The quinolone antibacterials have over fifty years of use in humans, although the first generation of them was not all that impressive. Most people either don’t know where they came from, or will answer “naldixic acid“, which was the first of the breed to make it to market (1962, from Sterling). That one, so the story goes, was developed from an impurity isolated during a synthesis of the antimalarial chloroquine, and was found to have antibacterial properties.
But “so the story goes” is not much of historical foundation. This new open-access article (from Gregory Bisacchi at AstraZeneca) is probably the most comprehensive look at the early days of the quinolones, and it tries to fill in a lot of the missing details. There are many. I found the story itself to be interesting, although those days in drug research now have a sort of otherwordly feel to them compared to how we work now. It’s a bit like reading Reminiscences of a Stock Operator, which is basically a biography of Jesse Livermore under another name and looking at today’s stock market. The actions are all recognizable, but appear to have taken place on another planet.
Adding to the problem is that even in the earliest days, the origins of this drug class were not clear:
Considering the vast and still growing literature on (fluoro)quinolone antibacterials and the medical and commercial importance of this class, it may seem surprising that the lines of research leading to the identification of nalidixic acid had been nearly a complete mystery to the drug discovery community for several decades following its first disclosures. David Greenwood stated in his 2008 book “Antimicrobial Drugs: Chronicle of a twentieth century medical triumph” that “Sterling-Winthrop was reticent about revealing details of the discovery”
There were references to at least two more detailed papers “to be published” that never appeared (so that’s certainly not a new phenomenon!) But the switch from the original chloroquine impurity (which had a quinolone structure) to naldixic acid (which is a 1,8-naphthyridone) has been mysterious. What this new paper shows, though, is that quinolones had already been identified as potential antibacterials in three patents from ICI, which seem to be almost forgotten now. This almost certainly influenced Sterling’s own research and patent filings, but the exact details are beyond recovery.
There are some Australian academic papers mentioned compounds in this class from even before the ICI patents, but they have no mention of biological activity. And there are some Indian publications in between the ICI and Sterling work, which cite the ICI patent. But Sterling’s own patents don’t get around to citing any of the above. As Bisacchi put it, “Conceivably, patents filed during this earlier time were governed by less rigorous standards regarding broad prior art citation than we are accustomed to today.” Searching the literature was, of course, more of a pain back then than it is today, but at the same time, there was a lot less literature, and it’s hard to imagine that Sterling’s team was unaware of all this prior art – especially since the move to naldixic acid itself looks very much like an attempt to get around it. For their part, as this paper notes, ICI never published their own quinolone work in any journal, and that along with Sterling’s relentless lack of interest in mentioning it has left it almost entirely forgotten.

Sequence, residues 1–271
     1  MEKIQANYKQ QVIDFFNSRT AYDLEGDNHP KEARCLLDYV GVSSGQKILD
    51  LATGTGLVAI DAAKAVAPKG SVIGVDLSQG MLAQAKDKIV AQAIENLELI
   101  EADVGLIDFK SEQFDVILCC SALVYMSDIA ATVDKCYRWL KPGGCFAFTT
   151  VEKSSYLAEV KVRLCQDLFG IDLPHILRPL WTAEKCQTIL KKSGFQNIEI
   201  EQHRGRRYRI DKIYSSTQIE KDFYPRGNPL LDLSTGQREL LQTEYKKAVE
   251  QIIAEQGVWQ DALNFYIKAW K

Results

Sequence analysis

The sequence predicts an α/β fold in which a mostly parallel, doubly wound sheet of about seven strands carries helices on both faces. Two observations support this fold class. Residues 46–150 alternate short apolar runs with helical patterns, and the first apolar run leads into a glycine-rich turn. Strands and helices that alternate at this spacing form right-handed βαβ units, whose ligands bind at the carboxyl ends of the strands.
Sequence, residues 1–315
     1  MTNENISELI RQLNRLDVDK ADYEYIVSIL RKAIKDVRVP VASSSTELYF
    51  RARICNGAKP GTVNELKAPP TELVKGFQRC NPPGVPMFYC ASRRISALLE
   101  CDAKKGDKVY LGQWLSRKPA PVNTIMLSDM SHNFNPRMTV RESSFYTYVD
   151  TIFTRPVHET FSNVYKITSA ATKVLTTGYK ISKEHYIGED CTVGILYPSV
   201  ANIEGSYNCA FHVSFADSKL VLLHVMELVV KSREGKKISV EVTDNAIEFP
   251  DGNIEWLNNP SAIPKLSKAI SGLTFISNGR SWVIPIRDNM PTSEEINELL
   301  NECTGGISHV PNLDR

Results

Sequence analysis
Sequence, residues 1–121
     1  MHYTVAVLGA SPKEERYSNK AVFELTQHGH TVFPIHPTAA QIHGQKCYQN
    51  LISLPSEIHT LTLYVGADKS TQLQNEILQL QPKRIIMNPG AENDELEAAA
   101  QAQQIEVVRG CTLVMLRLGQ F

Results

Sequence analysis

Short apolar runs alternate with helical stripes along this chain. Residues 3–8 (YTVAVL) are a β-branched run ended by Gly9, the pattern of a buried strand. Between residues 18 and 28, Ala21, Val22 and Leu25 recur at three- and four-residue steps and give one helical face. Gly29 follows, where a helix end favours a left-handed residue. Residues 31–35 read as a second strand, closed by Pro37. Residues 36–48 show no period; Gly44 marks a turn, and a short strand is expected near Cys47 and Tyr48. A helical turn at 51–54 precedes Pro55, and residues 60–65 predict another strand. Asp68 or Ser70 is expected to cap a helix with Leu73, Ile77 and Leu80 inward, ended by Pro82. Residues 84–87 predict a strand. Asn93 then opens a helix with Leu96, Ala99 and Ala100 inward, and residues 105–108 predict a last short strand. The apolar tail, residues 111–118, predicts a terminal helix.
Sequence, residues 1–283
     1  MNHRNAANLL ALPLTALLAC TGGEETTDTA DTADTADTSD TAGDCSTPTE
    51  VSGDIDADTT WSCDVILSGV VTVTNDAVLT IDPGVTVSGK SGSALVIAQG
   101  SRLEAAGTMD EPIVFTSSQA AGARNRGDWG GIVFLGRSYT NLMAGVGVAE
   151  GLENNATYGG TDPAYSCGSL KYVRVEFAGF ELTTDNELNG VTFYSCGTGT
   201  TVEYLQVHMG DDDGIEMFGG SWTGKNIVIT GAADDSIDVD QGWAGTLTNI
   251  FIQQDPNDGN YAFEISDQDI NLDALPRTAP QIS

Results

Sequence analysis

Bisacchi mentions that he has tried to dig into the AstraZeneca archives (which stretch back to the ICI days) to see what happened with that project, but that he’s been unsuccessful. It does appear that the company missed a significant opportunity by not following up on their early quinolone work, though. The whole story brings up a larger problem in drug discovery and in scientific programs in general: it can be very difficult to reconstruct their history. Decisions get taken that made sense at the time, based on limited data, but in retrospect become hard to understand. Even the people directly involved can end up rationalizing such things and making them more of a coherent narrative in their own memories, and that doesn’t even take into account more conscious forms of tale-telling. Very few research programs are ever retold in all their shaggy, Brownian-motion glory after the fact. The difference is roughly that of natural human speech, as transcribed from a tape, and dialog as written for a play.
But this isn’t just a problem in science. It’s a problem of history in general. What looks from the outside like an imposing structure of facts and eyewitness accounts can turn out to be a rickety structure when you start poking around inside it. A story about Sir Walter Raleigh, who began his “History of the World” during his imprisonment in the Tower of London, might be appropriate here. As it’s told – and here’s some perhaps not fully documented history as well – Raleigh heard some sort of major disturbance going on one day, well out of his sight, and he couldn’t make out what had happened. In the coming days, he heard several completely different versions of what had taken place, and didn’t know which one to believe. This, it’s said, got him thinking about his own manuscript – how was he to write a history of the world, when he couldn’t even be sure about what had just happened within his own earshot? Historians have faced this problem ever since. Journalist Ron Rosenbaum has written about this several times, describing the tone that you can hear in an interviewer’s voice in an old tape recording, as the last surviving witness to some event is questioned. This is the only person left who can clear up the story – if they don’t know, it will turn into yet another mystery. So it’s not surprising that we in drug discovery have plenty of our own.